Let’s Talk About It
A virtual exhibit about having difficult conversations with children and their own families. Kidzu transitioned the Community Courtyard into an exhibit – titled, “Let’s Talk About It.” This webpage is a virtual version of the exhibit! This exhibit is a project designed to provide tools to families to practice having difficult conversations and to promote healthy dialogue for mutual respect and understanding. Click here to read a spotlight piece about this project!
"Talking to Your Kids about Community Violence: Discussion and Listening Session" Facilitated by Roberto Blanco
On September 2nd, a Clinical Associate Professor at UNC in the division of Child and Adolescent Psychiatry and co-director of the Program on Neurodevelopmental Psychiatry, Roberto Blanco, facilitated a listening session and discussion surrounding how to talk to your children about community violence and difficult topics.
The program included meditation, relaxation exercises, self-care, and mental re-framing techniques. The discussion topics included the acknowledgment of damage, signs to look out for, what we can do to help, and community connections.
Big conversations can happen at the dinner table with family or at lunch with friends, but sometimes they happen unexpectedly.
Wherever they may happen, use these tools to help you feel prepared to have the conversations you want to have, even if they seem difficult!
Be prepared for a healthy conversation by using these tools:
Goal 1: Create Ground Rules for Discussion
Adults who participated in early sessions helped identify important goals when seeking a constructive dialogue: be patient, open-minded, and present, avoid interruptions, distractions, or using judgemental or accusatory language. Kids who participated in early sessions articulated more specific actions that help set the table for a constructive dialogue: find common points of interest or ideas with others, use positive body language like facing another person and making eye contact, let someone finish their thought before responding, ask clarifying questions, and even share humor through kind-spirited jokes.
After watching the above videos with your children, practice the coping mechanisms of, “I notice…I feel…I can…” to help your child distinguish how to place emotions and ways in which to cope with them in healthy and productive ways.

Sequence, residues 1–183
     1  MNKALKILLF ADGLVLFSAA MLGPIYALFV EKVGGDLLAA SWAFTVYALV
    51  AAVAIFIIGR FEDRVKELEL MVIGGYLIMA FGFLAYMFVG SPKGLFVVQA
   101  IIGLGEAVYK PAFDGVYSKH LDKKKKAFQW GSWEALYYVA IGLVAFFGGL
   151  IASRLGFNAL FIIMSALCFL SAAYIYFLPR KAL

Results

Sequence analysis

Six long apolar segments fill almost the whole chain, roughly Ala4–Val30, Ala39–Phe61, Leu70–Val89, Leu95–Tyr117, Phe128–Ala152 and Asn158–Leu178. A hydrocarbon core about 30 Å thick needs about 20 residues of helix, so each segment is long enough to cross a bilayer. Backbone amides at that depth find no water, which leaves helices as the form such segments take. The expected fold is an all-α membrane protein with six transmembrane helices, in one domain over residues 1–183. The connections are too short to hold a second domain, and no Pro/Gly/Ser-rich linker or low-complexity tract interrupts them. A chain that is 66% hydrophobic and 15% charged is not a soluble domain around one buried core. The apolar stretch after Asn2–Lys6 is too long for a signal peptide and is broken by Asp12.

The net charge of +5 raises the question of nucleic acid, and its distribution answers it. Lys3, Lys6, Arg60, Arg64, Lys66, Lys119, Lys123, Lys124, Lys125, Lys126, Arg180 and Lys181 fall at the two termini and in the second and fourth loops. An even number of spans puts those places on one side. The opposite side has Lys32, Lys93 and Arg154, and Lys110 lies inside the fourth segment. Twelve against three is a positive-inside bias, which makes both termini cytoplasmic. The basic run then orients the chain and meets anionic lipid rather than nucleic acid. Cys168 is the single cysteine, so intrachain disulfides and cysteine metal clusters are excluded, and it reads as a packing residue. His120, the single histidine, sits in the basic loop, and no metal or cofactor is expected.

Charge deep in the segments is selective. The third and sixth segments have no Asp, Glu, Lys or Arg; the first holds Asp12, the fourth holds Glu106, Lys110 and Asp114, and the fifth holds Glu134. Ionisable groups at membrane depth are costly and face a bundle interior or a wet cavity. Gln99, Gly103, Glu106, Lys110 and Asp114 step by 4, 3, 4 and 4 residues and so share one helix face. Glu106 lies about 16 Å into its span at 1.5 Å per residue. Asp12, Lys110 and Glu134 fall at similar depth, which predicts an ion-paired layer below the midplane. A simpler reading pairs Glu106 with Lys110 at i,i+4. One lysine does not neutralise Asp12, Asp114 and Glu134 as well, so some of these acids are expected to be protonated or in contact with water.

Feel free to use the questions below as jumping-off points for your conversation:
- What can you do to feel more comfortable talking about your feelings with friends?
- How do you think Elmo felt when his dad got frustrated? How could his dad better communicate with Elmo?
- In what ways can being angry or upset impact how you communicate with others?
- How do you think this character could have been more present in the conflict?
- How do you think this character could have been more open-minded about how the other person may feel?
What to Say to Kids When the News is Scary
Goal 2: Develop Listening Skills
Sometimes topics feel hard because we get stuck on what seems different between others’ ideas and perspectives and our own, and we spend energy trying to convince others why we are “right.” When that happens, try asking someone else why they think what they think in a non-judgmental way. Start your questions with, “Help me understand…” Then, be ready to listen when they answer!
ROCKS Activity: This activity is created to help you and your child learn how to communicate better by remembering the acronym ROCKS, which stands for Reflection, Open Dialogue, Compassion, Kindness, and Social Justice.
In this activity, there are two rocks to be held. One small rock is to be held by the listener, and the larger rock is to be held by the person currently speaking. The rocks signify the weight of various conversations and difficulties that may come with communicating.
The person holding the smaller rock will practice active listening skills and listen to what the person with the larger rock is sharing. When they are done speaking, ask active listening questions to let the person know you heard and understood them clearly.
Storynory: Audio stories for children to listen to that help with active listening skills
Active Listening Checklist
Goal 3: Support Claims with Reason